http://nebraskaturfgrass.com/wp-content/14-schedule.pdf There is something special about working cooperatively with other people to take down wave after wave of enemies in a video game. Some of these hoard modes are a small mode in a game, where others make this type of gameplay its entire focus. This is what developer Tripwire Interactive has done with its new game Killing Floor 2. The game is a first person shooter that focuses on co-op gameplay with up to six players online. It is simply beating waves of enemies with mini-bosses until the inevitable main boss appears at the end. This game definitely gets its roots from the Left 4 Dead franchise by Valve. There is nothing wrong with doing this, however, it comes off as ridiculously similar.
click Killing Floor 2 features different classes to choose from. There are also different player models to select that can have their looks customized. It adds a bit of variety to the game without overdoing it. Classes consists of field medics, gunslingers, and weapon support. Each class offers different perks as experienced is gained through playing with specific weapons related to the class in the game. Dual wielding pistols, automatic rifles, sniper rifles, and even melee weapons such as katanas can be used in the game. The experienced that is put towards a class will unlock more perks over time, so there is a means of grinding in this game rather than just going through over and over.
There are various enemies that will be encountered in Killing Floor 2. The main enemies are called Zeds. These are basically zombies, but have bald heads and mutilated bodies. If they get a hold of you, you will be prompted to hit a button to counter act. Achieving a head shot will throw you and your teammates into “zed time”, which is basically bullet time. Everything goes black and white and slows down for a few seconds allowing you to unload some kills. In my experience, however, this zed time always came at the worst moment. The guns take forever to reload, and half of the time I would miss out on this aspect. It gets pretty frustrating. You can limit Zeds and other enemies by welding doors shut to help watch your blind spots. Other enemies will be very recognizable from the Left 4 Dead series. The “Boomer”, which is a bald fat guy that takes a lot of damage and oozes out acid; the “Witch”, who is a thin female that screams — however the affects are a bit different; and the “Tank” which is large, fast, and takes a ton of damage. There are a few other enemies, but it seems to clearly pull from that older franchise.
In terms of game modes, there is not much to speak of. The experience is mainly online, and besides fighting waves offline and alone, there is only one other mode which is a versus mode. Here, players will be assigned to start off as Zeds and take down the humans. It is worth noting that players can create a party from within the game. So, besides grinding the classes online, there is not much else to do. One thing to note is that games were easy to find and I encountered no connectivity issues.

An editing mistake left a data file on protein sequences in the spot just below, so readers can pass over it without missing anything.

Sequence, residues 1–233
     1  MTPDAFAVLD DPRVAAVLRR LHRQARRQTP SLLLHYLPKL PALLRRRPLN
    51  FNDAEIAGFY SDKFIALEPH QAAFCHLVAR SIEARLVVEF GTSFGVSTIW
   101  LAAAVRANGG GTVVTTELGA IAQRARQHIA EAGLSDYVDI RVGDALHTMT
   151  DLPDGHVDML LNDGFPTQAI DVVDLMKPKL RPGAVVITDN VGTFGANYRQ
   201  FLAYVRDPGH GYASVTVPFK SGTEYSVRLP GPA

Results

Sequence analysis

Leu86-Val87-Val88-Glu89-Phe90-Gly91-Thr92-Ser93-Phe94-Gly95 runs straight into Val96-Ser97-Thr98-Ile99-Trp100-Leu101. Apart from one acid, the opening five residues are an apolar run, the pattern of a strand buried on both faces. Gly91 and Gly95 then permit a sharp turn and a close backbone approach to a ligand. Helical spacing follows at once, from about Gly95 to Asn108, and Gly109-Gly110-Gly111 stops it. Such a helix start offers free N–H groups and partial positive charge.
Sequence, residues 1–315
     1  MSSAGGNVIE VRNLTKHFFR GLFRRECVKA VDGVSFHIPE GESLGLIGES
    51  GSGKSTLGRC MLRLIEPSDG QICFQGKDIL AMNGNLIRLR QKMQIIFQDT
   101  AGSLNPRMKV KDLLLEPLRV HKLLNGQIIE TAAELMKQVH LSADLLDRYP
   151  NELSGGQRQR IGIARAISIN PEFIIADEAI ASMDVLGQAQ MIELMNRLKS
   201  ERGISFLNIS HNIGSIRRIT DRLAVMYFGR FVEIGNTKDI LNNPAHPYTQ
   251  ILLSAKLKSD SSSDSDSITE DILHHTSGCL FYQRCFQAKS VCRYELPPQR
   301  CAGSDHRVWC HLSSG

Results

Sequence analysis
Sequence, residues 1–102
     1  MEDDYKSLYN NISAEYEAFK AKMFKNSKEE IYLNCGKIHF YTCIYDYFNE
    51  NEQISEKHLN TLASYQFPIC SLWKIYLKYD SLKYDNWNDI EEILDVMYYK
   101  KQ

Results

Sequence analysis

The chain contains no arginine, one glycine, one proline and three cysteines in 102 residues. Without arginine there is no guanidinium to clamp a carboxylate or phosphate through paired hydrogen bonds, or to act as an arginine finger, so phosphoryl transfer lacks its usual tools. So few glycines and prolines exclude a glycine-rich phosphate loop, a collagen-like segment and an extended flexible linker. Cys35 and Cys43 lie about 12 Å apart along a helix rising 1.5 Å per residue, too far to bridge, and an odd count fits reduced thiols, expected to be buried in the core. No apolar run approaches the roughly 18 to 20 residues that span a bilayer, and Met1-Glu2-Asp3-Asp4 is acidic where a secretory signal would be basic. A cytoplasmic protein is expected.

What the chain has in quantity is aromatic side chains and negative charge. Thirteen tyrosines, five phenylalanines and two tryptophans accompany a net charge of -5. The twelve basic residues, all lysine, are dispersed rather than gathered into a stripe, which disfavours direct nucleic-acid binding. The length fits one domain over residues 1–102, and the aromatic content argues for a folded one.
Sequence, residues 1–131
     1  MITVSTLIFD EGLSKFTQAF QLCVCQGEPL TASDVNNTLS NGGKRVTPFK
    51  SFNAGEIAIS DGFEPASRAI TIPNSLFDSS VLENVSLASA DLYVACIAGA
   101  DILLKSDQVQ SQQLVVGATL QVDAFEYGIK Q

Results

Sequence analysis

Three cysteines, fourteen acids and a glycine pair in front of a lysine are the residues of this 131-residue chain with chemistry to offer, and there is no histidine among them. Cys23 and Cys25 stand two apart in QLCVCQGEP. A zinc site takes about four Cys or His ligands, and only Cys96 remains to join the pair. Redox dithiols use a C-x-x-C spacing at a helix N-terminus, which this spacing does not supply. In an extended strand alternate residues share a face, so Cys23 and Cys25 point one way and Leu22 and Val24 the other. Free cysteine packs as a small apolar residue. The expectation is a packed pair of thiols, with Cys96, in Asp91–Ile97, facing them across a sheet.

The game is visually appealing to say the least. It runs on the Unreal 3 engine, but it looks amazing and runs at a steady framerate. The detail of the player models are excellent, and the detailed body physics involved certainly stand out. The environments are large and varied, ranging from the forest to a prison. There is not a superb amount of detail in the environments, but they also look great. The game also features dynamic and destructible lights and objects. Lastly, the game is optimized for PS4 Pro, as well.
While Left 4 Dead might have set a creepy mood with its ambient sound, Killing Floor 2 just plays Metal. The only mood Tripwire Interactive wants you to feel is the mood to mow down enemies. There is not much of a horror element to this game, but rather monsters and gore. The game is purely adrenaline based, and the licensed soundtrack helps add to that. Licensed through Solid State Records, the game features music from artists that the label has signed. In addition, the game features voice comments from the characters which can get repetitive. Otherwise, the sound effects are nothing special and are sufficient enough to complete the audio experience.
Killing Floor 2 feels like a mix between Left 4 Dead and the Payday series, and there is nothing wrong with this. Tripwire Interactive succeeded in what it tried to accomplish. It offers an extremely fun cooperative experience with enough content to keep you coming back for more. More importantly, the game retails for $40 and is certainly worth that. It looks great, and most likely even better if you own a PS4 Pro. While the inclusion of taunts would have been nice to have for the downtime in between waves, it is one of the few minor gripes I have from an extremely good looking and well playing game. If you were a fan of either of the above-listed titles or are looking for an excellent, fast-paced cooperative experience, Killing Floor 2 offers just this.